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Digitized Video Games are Not Entirely a Bad Thing

PopWrapped | PopWrapped Author

PopWrapped

Updated 09/5/2013 1:58am
Digitized Video Games are Not Entirely a Bad Thing

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Jeremy

 

Chai

 

Staff Writer

We all know that the ‘always online’ policy for the Xbox One was a bad move. Who would buy a console that you couldn’t use if you, say, temporarily lost your internet connection? It would suck, and it was good that Microsoft saw their mistake, and changed their policy.

It should be known, however, that although the idea of decreasing the importance of physical video game discs did not work well with the public, there are some pros to the purely digitized video game. And according to IGN, these features may possibly make a comeback in the future.

During an interview with IGN, Albert Penello of Microsoft stated that although many of the features for the Xbox One had to be dropped due to negative reactions from consumers, these features may be revisited in the future. I mean, how great would it be to be able to sell games digitally?

I remember I used to sell used games back in the day to video game retailers and I would get, like five bucks for an original purchase of sixty. But this could all change if it was online. Why? Well, because you would be selling to other people, not a company that can suck your wallet dry right out of your eyes. It’s a whole new dynamic.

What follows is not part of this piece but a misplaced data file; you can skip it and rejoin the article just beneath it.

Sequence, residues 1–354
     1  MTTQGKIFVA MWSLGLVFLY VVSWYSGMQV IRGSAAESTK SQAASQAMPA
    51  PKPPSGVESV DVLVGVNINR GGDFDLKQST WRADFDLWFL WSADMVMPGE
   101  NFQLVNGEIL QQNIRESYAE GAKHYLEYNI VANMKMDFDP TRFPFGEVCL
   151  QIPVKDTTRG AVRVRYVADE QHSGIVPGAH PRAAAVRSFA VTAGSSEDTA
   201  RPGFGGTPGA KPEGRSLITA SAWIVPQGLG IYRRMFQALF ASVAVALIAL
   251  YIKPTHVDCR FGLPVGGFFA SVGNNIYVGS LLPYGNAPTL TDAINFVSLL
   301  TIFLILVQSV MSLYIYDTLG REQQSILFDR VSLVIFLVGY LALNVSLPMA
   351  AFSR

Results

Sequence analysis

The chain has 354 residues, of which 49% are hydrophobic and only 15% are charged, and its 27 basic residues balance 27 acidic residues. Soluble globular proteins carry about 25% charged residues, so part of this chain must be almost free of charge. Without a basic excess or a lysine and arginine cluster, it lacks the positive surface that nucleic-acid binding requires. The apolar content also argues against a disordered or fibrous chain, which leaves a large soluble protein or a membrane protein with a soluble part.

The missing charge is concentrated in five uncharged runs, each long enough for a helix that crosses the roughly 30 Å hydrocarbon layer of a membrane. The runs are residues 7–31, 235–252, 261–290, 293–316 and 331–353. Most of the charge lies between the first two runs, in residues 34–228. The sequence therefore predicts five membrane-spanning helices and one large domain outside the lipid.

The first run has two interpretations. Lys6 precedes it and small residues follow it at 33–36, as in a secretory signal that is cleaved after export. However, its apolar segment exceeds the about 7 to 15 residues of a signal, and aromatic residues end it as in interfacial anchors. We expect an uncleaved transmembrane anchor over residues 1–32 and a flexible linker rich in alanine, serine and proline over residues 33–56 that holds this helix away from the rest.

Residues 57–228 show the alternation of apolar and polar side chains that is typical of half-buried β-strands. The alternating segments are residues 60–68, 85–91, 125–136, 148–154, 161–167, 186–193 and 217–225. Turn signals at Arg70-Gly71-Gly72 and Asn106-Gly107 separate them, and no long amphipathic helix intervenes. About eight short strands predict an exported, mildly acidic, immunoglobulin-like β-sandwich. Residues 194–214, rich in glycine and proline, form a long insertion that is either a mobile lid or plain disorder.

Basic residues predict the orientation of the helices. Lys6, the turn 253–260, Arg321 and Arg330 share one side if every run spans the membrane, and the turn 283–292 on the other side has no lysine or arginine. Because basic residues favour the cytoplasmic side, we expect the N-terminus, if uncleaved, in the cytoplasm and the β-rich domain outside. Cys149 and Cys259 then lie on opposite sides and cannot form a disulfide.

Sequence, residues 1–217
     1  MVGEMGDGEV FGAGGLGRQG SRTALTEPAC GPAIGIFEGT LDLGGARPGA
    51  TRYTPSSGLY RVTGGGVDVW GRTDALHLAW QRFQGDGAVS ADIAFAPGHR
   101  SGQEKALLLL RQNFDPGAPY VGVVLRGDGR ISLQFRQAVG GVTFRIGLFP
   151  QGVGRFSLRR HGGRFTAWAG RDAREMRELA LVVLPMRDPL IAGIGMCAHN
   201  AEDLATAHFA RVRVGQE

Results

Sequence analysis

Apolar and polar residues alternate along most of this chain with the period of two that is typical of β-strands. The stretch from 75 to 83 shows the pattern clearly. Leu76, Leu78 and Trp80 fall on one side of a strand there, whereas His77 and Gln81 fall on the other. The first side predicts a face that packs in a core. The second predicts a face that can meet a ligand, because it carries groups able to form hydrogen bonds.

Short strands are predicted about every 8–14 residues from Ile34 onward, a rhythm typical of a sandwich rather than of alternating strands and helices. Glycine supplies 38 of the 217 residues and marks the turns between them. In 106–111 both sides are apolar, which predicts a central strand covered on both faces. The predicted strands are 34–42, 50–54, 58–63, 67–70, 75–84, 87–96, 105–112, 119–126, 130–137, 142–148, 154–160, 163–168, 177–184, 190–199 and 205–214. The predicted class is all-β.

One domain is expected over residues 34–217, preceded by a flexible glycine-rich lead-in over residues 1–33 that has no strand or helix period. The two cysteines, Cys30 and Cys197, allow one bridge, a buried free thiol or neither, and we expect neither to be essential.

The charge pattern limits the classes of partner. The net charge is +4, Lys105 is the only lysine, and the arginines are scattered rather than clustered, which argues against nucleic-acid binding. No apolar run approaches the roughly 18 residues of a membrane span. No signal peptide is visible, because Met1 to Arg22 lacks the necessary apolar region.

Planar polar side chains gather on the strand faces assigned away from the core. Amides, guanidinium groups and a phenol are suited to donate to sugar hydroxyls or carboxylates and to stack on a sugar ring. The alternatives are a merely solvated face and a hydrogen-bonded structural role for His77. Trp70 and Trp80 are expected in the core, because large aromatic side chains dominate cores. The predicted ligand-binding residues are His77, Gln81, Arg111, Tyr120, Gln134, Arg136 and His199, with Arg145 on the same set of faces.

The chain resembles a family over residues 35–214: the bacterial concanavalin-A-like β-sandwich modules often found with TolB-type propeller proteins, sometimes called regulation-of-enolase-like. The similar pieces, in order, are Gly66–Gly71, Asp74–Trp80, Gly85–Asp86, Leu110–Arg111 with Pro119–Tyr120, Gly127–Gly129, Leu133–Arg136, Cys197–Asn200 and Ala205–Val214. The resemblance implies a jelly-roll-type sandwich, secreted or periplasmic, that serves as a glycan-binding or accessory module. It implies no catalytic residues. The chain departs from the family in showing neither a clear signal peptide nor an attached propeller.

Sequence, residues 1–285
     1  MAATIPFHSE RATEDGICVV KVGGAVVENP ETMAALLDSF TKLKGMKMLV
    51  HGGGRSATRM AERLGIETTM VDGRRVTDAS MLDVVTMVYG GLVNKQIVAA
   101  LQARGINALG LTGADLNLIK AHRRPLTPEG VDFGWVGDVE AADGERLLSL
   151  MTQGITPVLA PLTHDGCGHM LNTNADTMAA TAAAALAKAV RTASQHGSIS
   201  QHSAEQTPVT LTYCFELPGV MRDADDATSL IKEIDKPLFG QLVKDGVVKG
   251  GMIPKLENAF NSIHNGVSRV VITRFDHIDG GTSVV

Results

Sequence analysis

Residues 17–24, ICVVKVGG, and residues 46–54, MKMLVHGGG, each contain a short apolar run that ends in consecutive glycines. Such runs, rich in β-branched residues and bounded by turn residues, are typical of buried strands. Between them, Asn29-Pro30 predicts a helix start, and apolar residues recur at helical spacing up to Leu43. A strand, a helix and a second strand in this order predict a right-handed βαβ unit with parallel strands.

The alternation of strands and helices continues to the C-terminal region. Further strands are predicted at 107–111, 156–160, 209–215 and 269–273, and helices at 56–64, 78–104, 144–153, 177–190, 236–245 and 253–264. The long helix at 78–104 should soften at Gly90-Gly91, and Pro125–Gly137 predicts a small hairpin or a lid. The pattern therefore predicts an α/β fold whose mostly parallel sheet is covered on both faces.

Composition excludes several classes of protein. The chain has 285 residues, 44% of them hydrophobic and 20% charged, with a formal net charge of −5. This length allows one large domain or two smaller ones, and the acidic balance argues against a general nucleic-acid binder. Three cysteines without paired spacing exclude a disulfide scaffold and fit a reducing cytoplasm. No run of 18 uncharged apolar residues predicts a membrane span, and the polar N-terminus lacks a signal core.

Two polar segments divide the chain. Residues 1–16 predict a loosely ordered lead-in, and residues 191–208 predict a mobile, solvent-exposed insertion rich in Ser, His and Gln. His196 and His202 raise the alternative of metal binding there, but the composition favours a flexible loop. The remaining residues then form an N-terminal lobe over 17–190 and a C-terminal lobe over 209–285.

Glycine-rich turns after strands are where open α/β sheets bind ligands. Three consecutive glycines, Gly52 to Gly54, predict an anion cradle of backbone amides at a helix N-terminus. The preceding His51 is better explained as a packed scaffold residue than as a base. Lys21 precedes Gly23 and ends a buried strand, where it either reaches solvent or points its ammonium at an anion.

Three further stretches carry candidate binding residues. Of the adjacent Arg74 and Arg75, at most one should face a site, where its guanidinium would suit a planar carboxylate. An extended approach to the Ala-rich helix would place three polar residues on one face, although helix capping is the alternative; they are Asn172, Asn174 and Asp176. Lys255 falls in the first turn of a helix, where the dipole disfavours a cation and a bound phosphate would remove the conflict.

And the family sharing thing: the original plan entailed the owner of a game sharing it with nine other people. You could share a game over different consoles. You could potentially save money, if you and your nine pals planned your purchases properly.

And it’s not like Microsoft had just the one idea. Kotaku reported that there have been rumours around Steam, that in the future we may be able to Share our licensed games with our buddies. It’s almost as if everyone is following in the Humble Bundle’s footsteps.

I think, for one, that purely digitized games have a lot to offer. If companies could just take the good parts and leave out the always online nonsense, well, I’m sure people would be much more willing to try it out.

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